what are the best hearing aids for single sided deafness

Unknown author

Provider removed

This provider is no longer listed.

28 September 2017 - 1.94K Views

There are a few options to consider for this scenario:

1) CROS (if the better ear is normal) or BiCROS (if the better ear has a hearing loss as well)

2) Osseointegrated hearing aid, such as the Cochlear Baha or Oticon Ponto (this may not be possible if the better ear has a significant loss, or if the patient is not a surgical candidate)

3) Unilateral cochlear implant (may not be covered by insurance, or the patient may not be a candidate for surgery or the implant itself)

You can visit your hearing healthcare professional to discuss the options and determine which is the best for you!

Upvote Downvote Reply
Consumer Member
Consumer Member 15 January 2019

I just found out that I have SSD and I am doing research on which device is the best for me. There is a lot to consider. Reading reviews of users, I found out that CROS users are less likely to be using their aids over a long period of time due to performance issues or discomfort. However, CROS is a good option if surgery is out of the question and/or your hearing lost is not that bad. I ruled out CROS because I have soreness behind my bad ear and I feel the aid would drive me nuts. I then reviewed comments about BAHA 5, Ponto3 and Sapano. Sapano uses a magnetic strip under the skin to mount the aid and I felt that too would not work for me. I then focused on BAHA 5 and Ponto 3 SP. The reviews showed that users didn't like that on the BAHA 5 you needed your iphone to adjust the volume of the aid or to change programs. Also, the BAHA 5 would shut down if you got sweat in the battery compartment which is located next to the head. There were complaints about the abutment, surgery and felt that the aid came off the abutment easily. I felt that the complaints about the surgery and the abutment were part of the system and were common to the Oticon Ponto system too.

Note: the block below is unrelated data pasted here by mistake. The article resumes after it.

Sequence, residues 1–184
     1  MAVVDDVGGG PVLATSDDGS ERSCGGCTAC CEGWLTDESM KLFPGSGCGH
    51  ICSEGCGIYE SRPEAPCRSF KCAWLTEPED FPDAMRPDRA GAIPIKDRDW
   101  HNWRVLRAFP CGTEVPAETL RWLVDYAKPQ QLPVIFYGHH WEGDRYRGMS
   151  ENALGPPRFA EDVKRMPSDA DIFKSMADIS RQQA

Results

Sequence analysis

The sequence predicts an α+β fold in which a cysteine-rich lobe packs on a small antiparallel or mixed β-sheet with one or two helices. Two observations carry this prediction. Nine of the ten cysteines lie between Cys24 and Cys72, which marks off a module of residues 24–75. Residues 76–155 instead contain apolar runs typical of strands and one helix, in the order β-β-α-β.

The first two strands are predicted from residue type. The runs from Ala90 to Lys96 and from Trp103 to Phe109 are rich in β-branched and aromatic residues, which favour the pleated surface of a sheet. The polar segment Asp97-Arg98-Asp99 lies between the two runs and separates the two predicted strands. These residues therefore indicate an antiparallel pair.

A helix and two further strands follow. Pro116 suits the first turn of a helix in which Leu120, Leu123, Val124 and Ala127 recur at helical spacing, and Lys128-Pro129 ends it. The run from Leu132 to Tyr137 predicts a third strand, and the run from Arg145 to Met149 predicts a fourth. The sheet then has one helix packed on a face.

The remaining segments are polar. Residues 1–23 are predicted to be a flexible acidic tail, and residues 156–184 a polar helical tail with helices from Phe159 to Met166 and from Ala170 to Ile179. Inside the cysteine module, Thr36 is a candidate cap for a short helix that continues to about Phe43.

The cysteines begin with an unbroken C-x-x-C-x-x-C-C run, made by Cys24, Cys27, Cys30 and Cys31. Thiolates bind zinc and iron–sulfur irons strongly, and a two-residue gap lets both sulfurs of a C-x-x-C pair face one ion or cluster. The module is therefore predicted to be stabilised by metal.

The Ponto 3 complaints were mostly limited to the abutment (feeling funny) and the surgery. No complaints were listed for the aid. The volume control and selection of the programs were on the aid itself and could be changed quickly without your cell phone. Also Opticon introduced the minimal invasive surgery method that makes healing quicker and less painful. Hopefully in the next few weeks, I will get the abutment put in and I will report back my experience and if I made the right decision.
Margaret ("Peggy") T
Margaret ("Peggy") T 15 January 2019 Replied to Consumer Member
It is encouraging to me that you have done so much research--I commend you for taking ownership of your hearing health! There are certainly many advantages and disadvantages to all of the options, and it can be very overwhelming (especially when a lot of money and/or surgery are involved). I wish you the very best with your Oticon Ponto 3, and look forward to hearing how it goes for you!


No one has commented on this question yet. We'd love to hear from you!

Add a response

Related Questions

This Website Does Not Provide Medical Advice. All material on this Website is provided for informational purposes only. Inclusion of information on this site does not imply any medical advice, recommendation or warranty. Answers provided should not be considered a substitute for the advice of health professionals who are familiar with your specific medical history. Experts who provide advice via "Expert Answers" assume no liability for the accuracy or completeness of, nor any liability to update, the information provided. Expert answers and comments may be removed at any time, at the discretion of the moderators, without notice.